CMMB Volunteers Serve with Intention
In the photo: Incoming international volunteers join CMMB staff for a special commitment ceremony where volunteers share their intention to serve. (Photo credit: Elena Solana for CMMB)
What does it mean to be an international volunteer? It means you’re selfless with your time and skills. It means you’re as committed to driving change for others as you are to embracing it for yourself. It means that you heard your call to mission—and you answered it. It means you serve with intention.
We’re humbled that a new group of talented clinical and public health professionals chose to answer their call to mission with CMMB. Together, we will help save lives.
Before setting out on their life-changing journey in 2023, our new group of international volunteers joined the CMMB team in New York City at the end of last year to complete their new volunteer orientation with a full day of meetings and training, followed by their commitment ceremony.
During this inspiring event, everyone shared their intentions for serving as a volunteer and committing to our brother and sisters around the world. Here are some highlights of what was shared:
“My intention would be to strengthen the opportunity for that hospital to be able to enhance every dollar they have to make it effective.” – Beverly Farinelli, Hospital Administrator, Nzara, South Sudan
“I can only hope that this is as meaningful and as beautiful an experience for you as it has been for me in the past.” – Ginger Chapman, Nurse Midwife and returned volunteer, Mutomo, Kenya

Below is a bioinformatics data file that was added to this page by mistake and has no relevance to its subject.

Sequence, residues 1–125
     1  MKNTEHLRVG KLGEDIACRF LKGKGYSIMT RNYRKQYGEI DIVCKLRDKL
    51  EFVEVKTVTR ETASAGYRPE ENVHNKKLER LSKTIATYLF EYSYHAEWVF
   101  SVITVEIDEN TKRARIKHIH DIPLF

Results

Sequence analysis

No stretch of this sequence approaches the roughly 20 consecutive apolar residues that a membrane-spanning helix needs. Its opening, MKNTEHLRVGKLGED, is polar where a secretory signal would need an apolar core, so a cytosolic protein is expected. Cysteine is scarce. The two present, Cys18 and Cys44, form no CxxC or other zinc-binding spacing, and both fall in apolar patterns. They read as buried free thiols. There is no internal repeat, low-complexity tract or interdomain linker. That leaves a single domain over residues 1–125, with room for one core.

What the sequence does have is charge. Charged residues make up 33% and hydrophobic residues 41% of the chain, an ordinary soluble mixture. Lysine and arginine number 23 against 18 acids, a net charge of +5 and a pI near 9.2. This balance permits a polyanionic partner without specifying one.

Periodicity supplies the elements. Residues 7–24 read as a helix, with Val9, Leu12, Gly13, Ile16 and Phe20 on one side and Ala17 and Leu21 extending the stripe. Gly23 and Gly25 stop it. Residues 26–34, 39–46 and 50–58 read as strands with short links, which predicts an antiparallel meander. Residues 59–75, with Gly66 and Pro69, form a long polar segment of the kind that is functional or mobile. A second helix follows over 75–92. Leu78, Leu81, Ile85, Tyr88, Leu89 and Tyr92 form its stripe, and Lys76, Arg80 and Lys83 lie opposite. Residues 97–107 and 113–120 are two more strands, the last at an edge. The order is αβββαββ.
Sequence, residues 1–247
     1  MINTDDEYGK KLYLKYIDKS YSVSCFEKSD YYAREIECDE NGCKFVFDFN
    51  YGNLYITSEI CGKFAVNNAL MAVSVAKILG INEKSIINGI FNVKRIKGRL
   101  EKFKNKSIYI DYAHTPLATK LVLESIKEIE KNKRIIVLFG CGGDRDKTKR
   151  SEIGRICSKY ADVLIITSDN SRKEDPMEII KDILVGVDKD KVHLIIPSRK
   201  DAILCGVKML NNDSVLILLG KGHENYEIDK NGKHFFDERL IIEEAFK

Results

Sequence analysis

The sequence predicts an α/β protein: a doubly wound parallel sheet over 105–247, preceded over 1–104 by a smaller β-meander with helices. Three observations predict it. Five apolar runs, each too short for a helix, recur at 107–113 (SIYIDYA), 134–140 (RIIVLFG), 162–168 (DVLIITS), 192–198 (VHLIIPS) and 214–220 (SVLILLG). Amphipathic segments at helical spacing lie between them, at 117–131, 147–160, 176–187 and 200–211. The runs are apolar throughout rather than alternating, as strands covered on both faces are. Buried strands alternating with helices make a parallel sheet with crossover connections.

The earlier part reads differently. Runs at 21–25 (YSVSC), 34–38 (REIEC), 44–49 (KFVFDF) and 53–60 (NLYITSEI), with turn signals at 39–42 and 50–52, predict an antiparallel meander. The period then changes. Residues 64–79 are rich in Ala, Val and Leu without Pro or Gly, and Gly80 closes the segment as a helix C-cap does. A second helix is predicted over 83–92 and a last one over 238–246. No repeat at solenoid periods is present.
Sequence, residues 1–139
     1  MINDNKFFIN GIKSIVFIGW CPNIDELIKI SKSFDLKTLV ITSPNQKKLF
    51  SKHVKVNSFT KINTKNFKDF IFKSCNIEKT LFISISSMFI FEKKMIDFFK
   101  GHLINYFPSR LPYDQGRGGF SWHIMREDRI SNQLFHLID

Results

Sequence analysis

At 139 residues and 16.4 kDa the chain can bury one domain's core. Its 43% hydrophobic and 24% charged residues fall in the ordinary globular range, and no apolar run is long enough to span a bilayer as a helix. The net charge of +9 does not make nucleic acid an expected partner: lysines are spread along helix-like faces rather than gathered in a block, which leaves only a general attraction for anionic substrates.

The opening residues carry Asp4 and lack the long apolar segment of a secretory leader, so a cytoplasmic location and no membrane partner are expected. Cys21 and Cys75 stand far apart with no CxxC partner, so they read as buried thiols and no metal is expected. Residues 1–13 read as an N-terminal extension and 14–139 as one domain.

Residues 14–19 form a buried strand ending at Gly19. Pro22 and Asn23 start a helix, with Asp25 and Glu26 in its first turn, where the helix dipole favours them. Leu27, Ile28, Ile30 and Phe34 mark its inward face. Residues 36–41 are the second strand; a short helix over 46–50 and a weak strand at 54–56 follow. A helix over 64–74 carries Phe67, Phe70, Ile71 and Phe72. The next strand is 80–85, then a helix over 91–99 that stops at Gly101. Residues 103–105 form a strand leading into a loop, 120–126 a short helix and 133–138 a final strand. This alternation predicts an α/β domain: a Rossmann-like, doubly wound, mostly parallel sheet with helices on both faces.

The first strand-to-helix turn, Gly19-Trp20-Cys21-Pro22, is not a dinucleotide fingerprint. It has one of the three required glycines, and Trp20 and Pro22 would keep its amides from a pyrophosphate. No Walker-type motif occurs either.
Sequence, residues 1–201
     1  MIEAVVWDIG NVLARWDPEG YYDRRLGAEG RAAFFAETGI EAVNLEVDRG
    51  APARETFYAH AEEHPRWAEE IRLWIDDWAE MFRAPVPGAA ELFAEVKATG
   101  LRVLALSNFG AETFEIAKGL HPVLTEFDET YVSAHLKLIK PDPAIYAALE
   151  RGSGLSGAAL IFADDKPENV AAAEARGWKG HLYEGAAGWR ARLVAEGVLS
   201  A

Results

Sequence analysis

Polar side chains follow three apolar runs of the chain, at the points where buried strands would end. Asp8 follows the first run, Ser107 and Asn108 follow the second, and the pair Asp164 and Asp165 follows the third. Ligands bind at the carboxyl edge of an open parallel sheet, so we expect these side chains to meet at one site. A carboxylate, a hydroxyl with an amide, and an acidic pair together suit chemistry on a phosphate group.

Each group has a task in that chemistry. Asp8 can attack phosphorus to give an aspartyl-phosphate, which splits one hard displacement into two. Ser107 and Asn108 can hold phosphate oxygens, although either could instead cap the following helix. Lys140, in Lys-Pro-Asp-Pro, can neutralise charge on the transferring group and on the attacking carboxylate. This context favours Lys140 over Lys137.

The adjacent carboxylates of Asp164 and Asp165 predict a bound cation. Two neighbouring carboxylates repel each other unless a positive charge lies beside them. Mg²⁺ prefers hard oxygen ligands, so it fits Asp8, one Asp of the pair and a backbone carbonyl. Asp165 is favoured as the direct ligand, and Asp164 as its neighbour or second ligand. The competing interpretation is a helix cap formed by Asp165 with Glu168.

“I really feel like I’m just a cog in a wheel of something bigger that’s going to happen in Zambia. There’s a larger mission behind it, and I’m hopefully just one little pebble that creates a ripple for a much bigger scope.” – Debbie Rayhab, Nutrition and Marketing Specialist, Lusaka, Zambia.
“When I think about an intention, it’s really about feeling very privileged and blessed and wanting to give something back.” – Pamela Avila, Nurse Educator, Mutomo, Kenya
“I have some very close friends from South Sudan. After hearing their stories, getting to know them and what they left behind, I want to go and make South Sudan even a fraction better so that when they return home, they have a better life.” – Morgan Rodriguez, Psychiatric Nurse, Yambio, South Sudan
We look forward to sharing updates from more of our international volunteers in the coming months.